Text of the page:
ESOMAR’s AI Forum turned the legendary Heineken brewery in the heart of Amsterdam into an open floor for digging into the present and future of artificial intelligence (AI), understanding its potential without forgetting its limitations and assessing the undeniable impact it will have on the Insights Industry without forgetting the risks associated with its implementation.
The truth is that this location allowed attendees to brew their own thoughts and learn from concrete AI applications from the agency side to the client side and from the work the associations are carrying out globally to the latest legislation countries are implementing. As one speaker said, this area is developing so fast that it is not only hard to keep track of; a one-month-old presentation may well be obsolete by the time it reaches the stage.
The event was divided into two distinct parts: the learning and the discussion.
Insights from industry leaders: AI predictions, cross-cultural strategies, data quality, and regulation
The first included a variety of presentations from industry leaders and expert professionals. How well can synthetic data currently predict opinion? What is the importance of cross-cultural differences when implementing a marketing strategy across borders? What are the consequences of disregarding data quality when training AI models? What do the world’s legislators and policymakers see as the priority to regulate AI? Each of these questions could have justified an event in their own right. In this case, they served as triggers for thought, queries and mindfulness.
The discussion part included round tables where all delegates were invited to share their views on a large variety of AI-related topics. This part of the programme elevated the common wisdom by bringing all views and experiences to the forefront. My table, focused on the pros and cons of AI, yielded such a broad and insightful assessment of the current and future impact of AI that it was hard for me to keep up with taking notes.
The different speakers brought insight and quality and managed to inspire the audience. Ipsos' own development of its proprietary AI-based tool, Ipsos Facto, was a relevant exposition of where the industry ought to go. Tools like ChatGPT are intriguing, but their generalist nature makes them unsuitable for dedicated market research projects. But an AI built with the purpose of generating insights, now that’s a different game. Of course, all presentations will be made available to ESOMAR members through the online repository ANA.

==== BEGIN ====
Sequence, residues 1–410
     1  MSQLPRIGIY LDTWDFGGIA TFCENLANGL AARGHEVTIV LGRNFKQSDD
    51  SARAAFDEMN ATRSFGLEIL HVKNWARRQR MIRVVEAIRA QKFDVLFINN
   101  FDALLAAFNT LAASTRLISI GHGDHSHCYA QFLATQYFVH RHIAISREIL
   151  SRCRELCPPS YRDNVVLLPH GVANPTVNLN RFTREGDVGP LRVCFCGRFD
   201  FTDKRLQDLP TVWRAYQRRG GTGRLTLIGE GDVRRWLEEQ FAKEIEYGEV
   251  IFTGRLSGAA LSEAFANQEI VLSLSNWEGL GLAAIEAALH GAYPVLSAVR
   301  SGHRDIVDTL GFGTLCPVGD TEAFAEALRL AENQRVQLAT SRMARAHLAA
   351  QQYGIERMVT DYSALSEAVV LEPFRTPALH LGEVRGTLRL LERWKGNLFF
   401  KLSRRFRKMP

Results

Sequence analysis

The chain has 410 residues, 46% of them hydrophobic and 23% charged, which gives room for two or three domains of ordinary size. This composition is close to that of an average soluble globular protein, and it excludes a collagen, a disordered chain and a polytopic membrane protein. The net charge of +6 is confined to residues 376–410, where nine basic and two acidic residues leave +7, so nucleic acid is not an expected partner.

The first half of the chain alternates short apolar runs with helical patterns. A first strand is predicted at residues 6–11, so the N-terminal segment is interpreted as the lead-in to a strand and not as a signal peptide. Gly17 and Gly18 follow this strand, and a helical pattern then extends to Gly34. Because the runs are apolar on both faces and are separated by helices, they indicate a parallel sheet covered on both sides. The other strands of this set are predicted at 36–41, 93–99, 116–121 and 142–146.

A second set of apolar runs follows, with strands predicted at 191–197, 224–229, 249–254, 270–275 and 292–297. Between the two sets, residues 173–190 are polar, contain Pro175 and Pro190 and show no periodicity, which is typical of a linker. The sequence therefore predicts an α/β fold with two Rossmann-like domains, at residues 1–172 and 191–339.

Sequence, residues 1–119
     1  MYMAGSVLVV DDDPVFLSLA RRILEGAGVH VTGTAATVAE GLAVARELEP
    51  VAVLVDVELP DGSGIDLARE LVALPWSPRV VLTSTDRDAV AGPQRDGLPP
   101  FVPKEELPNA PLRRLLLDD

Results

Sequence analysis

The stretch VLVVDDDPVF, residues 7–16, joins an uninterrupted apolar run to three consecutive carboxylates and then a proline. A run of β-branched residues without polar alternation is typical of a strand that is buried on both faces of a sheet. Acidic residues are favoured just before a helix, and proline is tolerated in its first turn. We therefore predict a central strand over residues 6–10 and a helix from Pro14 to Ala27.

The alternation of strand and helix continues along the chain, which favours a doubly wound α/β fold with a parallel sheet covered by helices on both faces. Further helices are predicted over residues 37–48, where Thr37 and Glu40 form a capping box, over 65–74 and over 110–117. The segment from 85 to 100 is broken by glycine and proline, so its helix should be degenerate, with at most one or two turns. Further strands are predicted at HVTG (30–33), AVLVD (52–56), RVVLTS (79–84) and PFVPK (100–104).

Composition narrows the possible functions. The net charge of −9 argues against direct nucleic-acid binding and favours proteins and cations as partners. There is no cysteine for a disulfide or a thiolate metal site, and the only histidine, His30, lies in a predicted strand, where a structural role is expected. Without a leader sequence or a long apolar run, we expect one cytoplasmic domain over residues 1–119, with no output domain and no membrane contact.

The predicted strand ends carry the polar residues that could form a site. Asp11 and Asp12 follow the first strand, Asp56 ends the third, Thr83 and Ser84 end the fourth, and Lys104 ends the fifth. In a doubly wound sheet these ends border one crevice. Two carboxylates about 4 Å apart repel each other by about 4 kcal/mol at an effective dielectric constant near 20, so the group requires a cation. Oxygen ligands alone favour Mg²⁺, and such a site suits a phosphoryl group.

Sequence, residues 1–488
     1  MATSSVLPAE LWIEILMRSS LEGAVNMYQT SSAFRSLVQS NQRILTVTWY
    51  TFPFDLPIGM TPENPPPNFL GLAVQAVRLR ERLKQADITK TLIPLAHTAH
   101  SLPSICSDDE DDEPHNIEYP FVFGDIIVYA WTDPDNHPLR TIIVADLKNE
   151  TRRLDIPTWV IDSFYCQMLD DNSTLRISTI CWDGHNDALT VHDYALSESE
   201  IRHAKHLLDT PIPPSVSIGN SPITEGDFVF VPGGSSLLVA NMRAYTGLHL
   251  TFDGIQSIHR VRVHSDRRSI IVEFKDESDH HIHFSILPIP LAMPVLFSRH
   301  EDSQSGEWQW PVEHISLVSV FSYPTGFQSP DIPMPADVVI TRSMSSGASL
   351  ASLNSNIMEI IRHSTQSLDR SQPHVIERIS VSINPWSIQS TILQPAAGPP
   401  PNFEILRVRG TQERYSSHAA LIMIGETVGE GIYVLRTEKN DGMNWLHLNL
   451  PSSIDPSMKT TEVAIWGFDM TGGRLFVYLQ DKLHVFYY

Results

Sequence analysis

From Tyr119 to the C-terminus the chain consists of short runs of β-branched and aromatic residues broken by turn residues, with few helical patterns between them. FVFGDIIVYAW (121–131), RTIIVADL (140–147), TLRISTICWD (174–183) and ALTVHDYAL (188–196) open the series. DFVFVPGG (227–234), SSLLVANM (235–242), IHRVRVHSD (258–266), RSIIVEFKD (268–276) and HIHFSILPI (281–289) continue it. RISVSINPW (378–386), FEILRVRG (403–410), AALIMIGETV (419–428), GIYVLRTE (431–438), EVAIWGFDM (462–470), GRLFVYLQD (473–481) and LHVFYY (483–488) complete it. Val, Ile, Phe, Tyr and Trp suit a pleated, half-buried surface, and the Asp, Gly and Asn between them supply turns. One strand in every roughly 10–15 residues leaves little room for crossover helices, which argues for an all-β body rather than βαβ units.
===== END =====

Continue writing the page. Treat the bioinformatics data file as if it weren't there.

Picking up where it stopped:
Global AI Regulations: A View from ESOMAR's Claudio Gennaro
ESOMAR’s Claudio Gennaro, from Professional Standards, provided an excellent global overview of the state of regulations, showing how countries from all over the world have started to pay attention to AI and its implications. Last year alone, more than 130 AI-related laws were passed worldwide, with the US, Spain and the Philippines at the top of the list. While not all of these laws necessarily affect the Insights Industry, ESOMAR and other local associations should ensure that when they do, they are implemented within reason to avoid harming the profession.
Safeguarding the Insights Industry
Melanie Courtright from the US Insights Association presented the basic elements any AI system should include to protect the Insights Industry, as well as the individuals. Annelies Verhage from agency Human8 brought a practical case to show the current limitations of synthetic data, just as Heineken presented their own AI exercise applied to a marketing campaign with promising results, as well as valuable lessons. And Kantar brought a sense of sobriety, warning of the dangers of utilising poor data (rubbish in) that would inevitably turn into the extrusion of rubbish as a result.
So, where do we stand today? The current landscape is changing at a speed that is hard to believe and comprehend. The different players in the industry should take positions to ensure that they are not caught off guard when today’s rudimentary tools become tomorrow’s defining edge. And we will see many companies vanishing as their business models simply become obsolete.
Insights will become accessible for a much wider array of companies, which would appreciate having “some” insights rather than “no” insights, even if rudimentary. This will be a fundamental shift in the dynamics of the industry. But while many may fear that the industry will become hopelessly internalised by clients, proprietary AI tools may ensure a firm grip on insights generation from the suppliers.
Naturally, the day ended with a taste of Heineken’s golden product, which brought closure and further networking to a full day of lessons and inspiration. A wonderful day that is now begging for a second part!